Greater Western Mastiff Bat
Greater western mastiff bats roost in deep crevices in tall, rugged cliffs and outcrops with unobstructed entry/exit access, due to their low maneuverability and fast flight. Habitat associations include xeric scrubland to ponderosa pine habitats.
The greater western mastiff bat emits a distinctive, audible “chirp” every two to three seconds while in flight. It requires a height of at least two meters to take off due to its size and wing length. They typically live in small colonies of 13 – 70 individuals. Females give birth to a single young between June and August. They feed on moths, beetles, and dragonflies. Roosting in high canyon crevices, they are challenging to observe and capture.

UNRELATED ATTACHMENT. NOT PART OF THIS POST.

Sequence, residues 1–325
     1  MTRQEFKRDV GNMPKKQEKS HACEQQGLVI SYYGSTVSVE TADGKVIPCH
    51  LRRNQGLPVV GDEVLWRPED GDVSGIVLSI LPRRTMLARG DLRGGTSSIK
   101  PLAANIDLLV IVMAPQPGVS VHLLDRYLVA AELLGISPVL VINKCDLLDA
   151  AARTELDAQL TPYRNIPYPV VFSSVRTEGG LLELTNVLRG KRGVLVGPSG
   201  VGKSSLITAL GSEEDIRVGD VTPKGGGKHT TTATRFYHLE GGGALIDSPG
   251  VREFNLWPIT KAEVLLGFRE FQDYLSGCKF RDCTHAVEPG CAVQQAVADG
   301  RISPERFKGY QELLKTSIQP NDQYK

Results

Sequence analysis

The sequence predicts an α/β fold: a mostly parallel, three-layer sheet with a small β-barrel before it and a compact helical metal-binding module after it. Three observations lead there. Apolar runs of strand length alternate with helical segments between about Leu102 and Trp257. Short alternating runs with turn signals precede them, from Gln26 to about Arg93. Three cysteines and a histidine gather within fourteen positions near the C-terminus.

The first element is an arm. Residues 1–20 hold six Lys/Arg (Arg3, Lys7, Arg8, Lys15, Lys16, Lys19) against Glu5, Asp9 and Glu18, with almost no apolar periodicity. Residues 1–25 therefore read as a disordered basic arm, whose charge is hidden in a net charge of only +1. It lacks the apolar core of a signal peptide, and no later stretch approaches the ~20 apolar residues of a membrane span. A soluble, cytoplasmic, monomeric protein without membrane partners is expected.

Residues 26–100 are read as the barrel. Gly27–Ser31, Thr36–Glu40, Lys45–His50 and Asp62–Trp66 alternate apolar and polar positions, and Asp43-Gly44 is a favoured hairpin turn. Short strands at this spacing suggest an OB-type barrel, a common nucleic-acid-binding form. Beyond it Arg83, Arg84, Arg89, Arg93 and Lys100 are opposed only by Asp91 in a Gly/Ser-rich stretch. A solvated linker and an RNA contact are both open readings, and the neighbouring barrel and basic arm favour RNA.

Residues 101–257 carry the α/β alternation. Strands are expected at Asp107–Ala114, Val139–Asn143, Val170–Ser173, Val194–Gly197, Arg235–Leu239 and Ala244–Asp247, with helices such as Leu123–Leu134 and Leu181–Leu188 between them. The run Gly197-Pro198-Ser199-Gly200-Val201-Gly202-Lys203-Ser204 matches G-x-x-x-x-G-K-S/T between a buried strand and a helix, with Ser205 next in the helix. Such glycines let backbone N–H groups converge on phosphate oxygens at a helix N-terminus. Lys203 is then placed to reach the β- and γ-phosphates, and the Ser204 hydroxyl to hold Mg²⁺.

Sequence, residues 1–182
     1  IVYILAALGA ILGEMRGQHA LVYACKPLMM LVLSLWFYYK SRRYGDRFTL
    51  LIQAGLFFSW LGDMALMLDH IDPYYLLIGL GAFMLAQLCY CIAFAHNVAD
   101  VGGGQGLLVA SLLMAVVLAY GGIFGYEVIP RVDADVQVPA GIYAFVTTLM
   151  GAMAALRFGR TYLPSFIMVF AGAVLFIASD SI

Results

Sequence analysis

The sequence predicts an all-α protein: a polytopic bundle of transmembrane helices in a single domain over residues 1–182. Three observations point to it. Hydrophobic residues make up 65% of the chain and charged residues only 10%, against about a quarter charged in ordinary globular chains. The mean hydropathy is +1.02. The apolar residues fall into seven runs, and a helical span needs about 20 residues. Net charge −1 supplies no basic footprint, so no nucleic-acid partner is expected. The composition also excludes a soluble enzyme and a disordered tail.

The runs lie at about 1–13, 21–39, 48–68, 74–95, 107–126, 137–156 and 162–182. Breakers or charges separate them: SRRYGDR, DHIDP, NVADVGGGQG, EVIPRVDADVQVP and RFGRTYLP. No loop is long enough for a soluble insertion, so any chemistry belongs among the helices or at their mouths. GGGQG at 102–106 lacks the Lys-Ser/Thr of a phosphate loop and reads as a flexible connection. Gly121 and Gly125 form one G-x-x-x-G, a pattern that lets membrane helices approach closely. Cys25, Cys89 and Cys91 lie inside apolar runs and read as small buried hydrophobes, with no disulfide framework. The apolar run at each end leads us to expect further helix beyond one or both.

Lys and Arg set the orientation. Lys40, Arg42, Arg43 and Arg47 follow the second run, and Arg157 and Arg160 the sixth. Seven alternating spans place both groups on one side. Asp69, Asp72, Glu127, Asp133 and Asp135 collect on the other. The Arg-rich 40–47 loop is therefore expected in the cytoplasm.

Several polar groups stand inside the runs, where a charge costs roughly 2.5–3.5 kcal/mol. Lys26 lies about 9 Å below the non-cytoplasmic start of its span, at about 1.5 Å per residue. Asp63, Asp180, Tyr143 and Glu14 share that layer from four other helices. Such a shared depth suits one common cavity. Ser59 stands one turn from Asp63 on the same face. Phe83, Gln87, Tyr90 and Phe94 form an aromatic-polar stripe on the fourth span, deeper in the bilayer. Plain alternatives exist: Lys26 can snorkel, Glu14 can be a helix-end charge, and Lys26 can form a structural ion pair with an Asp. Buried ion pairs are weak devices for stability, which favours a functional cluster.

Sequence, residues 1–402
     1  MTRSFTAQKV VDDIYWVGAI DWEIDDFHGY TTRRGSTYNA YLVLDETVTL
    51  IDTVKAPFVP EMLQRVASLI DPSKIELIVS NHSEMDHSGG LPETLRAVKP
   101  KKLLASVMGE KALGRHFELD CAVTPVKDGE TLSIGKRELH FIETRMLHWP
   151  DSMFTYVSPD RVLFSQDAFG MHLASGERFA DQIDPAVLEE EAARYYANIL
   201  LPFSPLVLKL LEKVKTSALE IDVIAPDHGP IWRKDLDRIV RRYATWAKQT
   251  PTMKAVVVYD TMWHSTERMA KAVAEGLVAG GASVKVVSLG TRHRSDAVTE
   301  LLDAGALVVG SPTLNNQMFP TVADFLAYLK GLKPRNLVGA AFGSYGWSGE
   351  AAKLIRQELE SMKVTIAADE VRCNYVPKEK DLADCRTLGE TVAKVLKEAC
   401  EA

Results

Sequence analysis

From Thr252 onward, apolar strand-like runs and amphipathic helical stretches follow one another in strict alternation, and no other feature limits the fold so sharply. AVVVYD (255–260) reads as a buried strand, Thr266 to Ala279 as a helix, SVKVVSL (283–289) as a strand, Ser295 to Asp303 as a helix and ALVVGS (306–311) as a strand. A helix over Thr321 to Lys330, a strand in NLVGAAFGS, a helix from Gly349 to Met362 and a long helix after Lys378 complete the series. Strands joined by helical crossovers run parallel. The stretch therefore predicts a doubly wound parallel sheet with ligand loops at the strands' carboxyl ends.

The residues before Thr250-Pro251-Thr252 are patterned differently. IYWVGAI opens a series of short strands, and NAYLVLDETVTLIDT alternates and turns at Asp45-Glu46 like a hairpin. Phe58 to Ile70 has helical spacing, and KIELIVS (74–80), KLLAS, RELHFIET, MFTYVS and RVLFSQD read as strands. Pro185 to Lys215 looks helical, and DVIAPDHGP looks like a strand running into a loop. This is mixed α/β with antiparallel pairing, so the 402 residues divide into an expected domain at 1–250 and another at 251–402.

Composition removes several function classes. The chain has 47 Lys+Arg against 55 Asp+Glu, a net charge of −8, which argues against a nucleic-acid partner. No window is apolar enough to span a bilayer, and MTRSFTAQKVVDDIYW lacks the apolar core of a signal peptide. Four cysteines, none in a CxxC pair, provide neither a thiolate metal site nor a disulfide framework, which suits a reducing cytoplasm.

The greater western mastiff bat’s preference for roosts in high cliff areas makes it a difficult bat to study. We lack very basic information about this species that would help with management recommendations. In particular, population trends and winter habits are poorly known. Historic roost sites should be revisited to determine whether they are still occupied. Identifying roost sites and important foraging areas is crucial to manage this species.
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